I haven't got anything on a timer. Mostly it's a matter of how often you use something and what affect having it "really off" would be.
  • NorthGuyNorthGuy Solar Expert Posts: 1,913 ✭✭
    Re: Power Strip & Timer Recommendations

    I've read everywhere that idle items consume a lot of power.

    I started measuring mine, and I found out that my things (all relatively new, the oldest - cofeemaker - from 90-s) do not really consume anything.
  • CariboocootCariboocoot Banned Posts: 17,615 ✭✭
    Re: Power Strip & Timer Recommendations
    NorthGuy wrote: »
    I've read everywhere that idle items consume a lot of power.

    I started measuring mine, and I found out that my things (all relatively new, the oldest - cofeemaker - from 90-s) do not really consume anything.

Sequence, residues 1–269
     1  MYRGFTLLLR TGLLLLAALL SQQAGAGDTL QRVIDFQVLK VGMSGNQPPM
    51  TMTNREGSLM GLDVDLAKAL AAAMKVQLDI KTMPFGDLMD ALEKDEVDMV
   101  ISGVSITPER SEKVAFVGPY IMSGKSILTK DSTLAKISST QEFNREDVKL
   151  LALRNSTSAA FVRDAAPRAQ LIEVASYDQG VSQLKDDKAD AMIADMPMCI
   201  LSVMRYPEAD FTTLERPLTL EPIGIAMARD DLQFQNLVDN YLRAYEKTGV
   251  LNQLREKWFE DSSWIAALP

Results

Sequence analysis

It all depends on what item.
    The coffee maker probably has a clock in it that pulls less than a Watt.
    A PVR on the other hand ...

    In fact we've tested a few such stand-by loads and the results are in this section somewhere. The mA's can add up.
  • CariboocootCariboocoot Banned Posts: 17,615 ✭✭
    Re: Power Strip & Timer Recommendations

    One of the relevant threads about satellite equipment and power use:
    http://forum.solar-electric.com/showthread.php?17872-Satellite-receiver-power-usage
  • NorthGuyNorthGuy Solar Expert Posts: 1,913 ✭✭
    Re: Power Strip & Timer Recommendations
    The coffee maker probably has a clock in it that pulls less than a Watt.
    A PVR on the other hand ...

    Yes, the cofeemaker's clock pulls less than a watt. So did everything else.

    I don't have PVR.

    GFCI outlets were way below a watt, so I decided to leave them on. Tried to install arc fault protection breaker, but pulled it off because of 2W consumption.